We started by going over the documentation and examples made available on their development web site. Developed and fully tested the implementation on PayPal’s sandbox just to find out when we switched the implementation to the live environment that nothing was working. This, 3 days before our customer had schedule to go live.
Contacting their support over the phone proved to be a frustrating experience with each individual we spoke to telling us something different every time we called. The ticket we submitted with (supposedly) their expert team we never heard back from.
So, if you find yourself in a similar bind and you are using .Net for your implementation I hope this article will send you in the right direction saving some time and hair pulling.
Something we didn’t find documented was what are the minimum required fields for credit card and PayPal payments. So, starting there for the credit card payment the following fields are required for the transaction to be accepted:
- First name
- Last name
- Expire month
- Expire year
- Card number
- Type (visa, mastercard, etc)
Concerning the type we found out that it has to be sent in all lowercase. Below is the minimum requirement for a credit card payment.
Another area which might save you some time is getting as much information as you can when you get an exception while calling PayPal. This is another area that is poorly document and which includes non documented new exception objects. While testing the credit card payment we ran into a 400 Bad Request exception. Apparently you get this exception just for anything PayPal API doesn’t like.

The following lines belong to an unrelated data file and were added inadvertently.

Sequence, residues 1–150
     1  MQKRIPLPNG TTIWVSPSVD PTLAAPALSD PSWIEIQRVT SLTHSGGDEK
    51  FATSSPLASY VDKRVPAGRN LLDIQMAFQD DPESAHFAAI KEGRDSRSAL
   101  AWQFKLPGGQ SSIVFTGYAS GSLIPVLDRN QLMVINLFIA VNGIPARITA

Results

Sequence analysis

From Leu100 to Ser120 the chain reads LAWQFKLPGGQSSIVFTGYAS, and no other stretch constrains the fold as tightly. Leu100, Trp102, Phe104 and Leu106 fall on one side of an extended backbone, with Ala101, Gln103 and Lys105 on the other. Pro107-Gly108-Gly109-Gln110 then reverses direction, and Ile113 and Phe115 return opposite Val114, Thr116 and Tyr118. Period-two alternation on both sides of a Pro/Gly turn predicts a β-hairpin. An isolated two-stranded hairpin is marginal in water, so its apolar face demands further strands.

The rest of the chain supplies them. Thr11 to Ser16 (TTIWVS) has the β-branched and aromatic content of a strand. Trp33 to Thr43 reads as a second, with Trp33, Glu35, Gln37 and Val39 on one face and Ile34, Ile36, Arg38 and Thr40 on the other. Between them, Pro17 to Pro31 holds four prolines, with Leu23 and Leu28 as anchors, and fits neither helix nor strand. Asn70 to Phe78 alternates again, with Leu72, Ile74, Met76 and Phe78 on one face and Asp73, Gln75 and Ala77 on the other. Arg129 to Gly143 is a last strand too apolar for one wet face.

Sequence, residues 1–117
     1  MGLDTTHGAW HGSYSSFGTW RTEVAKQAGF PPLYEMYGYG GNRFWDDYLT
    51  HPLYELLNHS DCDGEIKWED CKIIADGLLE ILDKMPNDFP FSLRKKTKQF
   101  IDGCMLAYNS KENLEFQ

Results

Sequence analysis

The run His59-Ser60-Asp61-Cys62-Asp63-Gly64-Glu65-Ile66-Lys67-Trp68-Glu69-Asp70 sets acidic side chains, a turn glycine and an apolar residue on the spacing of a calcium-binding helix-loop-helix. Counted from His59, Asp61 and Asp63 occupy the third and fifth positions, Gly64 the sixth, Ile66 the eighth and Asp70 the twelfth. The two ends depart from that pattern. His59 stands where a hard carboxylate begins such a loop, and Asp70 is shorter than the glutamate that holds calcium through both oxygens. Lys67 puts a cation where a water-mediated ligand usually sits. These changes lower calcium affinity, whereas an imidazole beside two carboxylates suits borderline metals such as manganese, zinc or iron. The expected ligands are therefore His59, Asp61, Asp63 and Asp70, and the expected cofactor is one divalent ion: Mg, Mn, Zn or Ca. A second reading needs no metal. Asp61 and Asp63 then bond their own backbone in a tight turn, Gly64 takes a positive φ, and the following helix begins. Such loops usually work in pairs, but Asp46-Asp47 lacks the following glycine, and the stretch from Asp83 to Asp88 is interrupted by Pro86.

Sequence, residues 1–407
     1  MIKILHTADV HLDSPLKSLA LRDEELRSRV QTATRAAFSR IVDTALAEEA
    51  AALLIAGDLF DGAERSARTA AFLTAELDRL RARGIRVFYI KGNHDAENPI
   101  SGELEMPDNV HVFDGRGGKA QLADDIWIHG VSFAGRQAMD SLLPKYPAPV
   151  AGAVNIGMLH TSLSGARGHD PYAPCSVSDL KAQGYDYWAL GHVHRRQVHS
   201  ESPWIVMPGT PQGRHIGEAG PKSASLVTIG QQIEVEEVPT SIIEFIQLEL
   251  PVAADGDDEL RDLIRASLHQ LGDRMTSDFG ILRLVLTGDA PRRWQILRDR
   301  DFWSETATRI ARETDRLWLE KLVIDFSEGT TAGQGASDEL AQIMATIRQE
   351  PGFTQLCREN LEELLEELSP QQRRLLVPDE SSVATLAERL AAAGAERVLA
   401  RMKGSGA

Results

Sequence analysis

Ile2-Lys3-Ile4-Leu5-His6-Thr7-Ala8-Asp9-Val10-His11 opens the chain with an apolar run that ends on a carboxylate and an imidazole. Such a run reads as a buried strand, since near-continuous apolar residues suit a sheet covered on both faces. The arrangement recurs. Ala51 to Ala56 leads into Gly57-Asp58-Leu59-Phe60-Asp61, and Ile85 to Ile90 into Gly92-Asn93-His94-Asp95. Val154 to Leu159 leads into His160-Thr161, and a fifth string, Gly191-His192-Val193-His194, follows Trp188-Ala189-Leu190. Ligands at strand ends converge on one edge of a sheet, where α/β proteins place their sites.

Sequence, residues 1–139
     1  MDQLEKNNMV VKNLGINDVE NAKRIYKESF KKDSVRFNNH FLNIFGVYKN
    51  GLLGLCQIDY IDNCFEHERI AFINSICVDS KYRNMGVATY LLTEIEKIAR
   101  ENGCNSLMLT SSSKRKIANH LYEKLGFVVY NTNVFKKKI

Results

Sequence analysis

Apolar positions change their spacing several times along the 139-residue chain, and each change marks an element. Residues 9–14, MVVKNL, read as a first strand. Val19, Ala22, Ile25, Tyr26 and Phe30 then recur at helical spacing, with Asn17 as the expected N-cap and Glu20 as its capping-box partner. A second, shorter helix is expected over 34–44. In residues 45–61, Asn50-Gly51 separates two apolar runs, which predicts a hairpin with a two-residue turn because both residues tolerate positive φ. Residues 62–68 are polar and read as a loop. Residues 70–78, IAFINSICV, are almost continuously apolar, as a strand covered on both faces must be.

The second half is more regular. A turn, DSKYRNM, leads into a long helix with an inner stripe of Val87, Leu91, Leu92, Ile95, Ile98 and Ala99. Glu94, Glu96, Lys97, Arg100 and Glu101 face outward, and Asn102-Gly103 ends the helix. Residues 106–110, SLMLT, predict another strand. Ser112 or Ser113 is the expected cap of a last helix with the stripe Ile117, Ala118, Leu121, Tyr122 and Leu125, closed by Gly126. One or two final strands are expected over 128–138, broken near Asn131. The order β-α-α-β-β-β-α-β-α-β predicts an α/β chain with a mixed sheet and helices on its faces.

Hidden in this exception is an API custom exception which contains details concerning what is failing. Below is the excerpt of the code that shows how we dug into this information.
To get the information out of the exception object this is what you need to to:
( (PayPal.PaymentsException)ex ).Details
( (PayPal.PaymentsException)ex ).Response
( (PayPal.PaymentsException)ex ).Request
( (PayPal.ConnectionException)ex ).Message
Another undocumented problem we ran into was another 400 exception trying to complete PayPal payments. As you know there are two parts to a PayPal payment. First you create the payment and with that you send the callback url so PayPal can call your application back with the confirmation.
When your page is called it should use the payer id and payment id to call PayPal.Api.Payment.Execute to complete the payment. Your code should look something like the below:
The problem here is that the ApiContext object contains a RequestId. If your ApiContext variable maintains state between calls then the RequestId is going to be the same used in previous payments. In our case we were using the property called PaypalAPIContext which is a static property. The API requires that the RequestId is unique in every call.
We had to add a line at the end of the payment process with PaypalAPIContext.ResetRequestId(). This stopped the 400 exception that was causing the second part of the payment to not complete.
Hope these notes will save you some time. For reasons of confidentiality we are not adding here the full code for the payment implementation.
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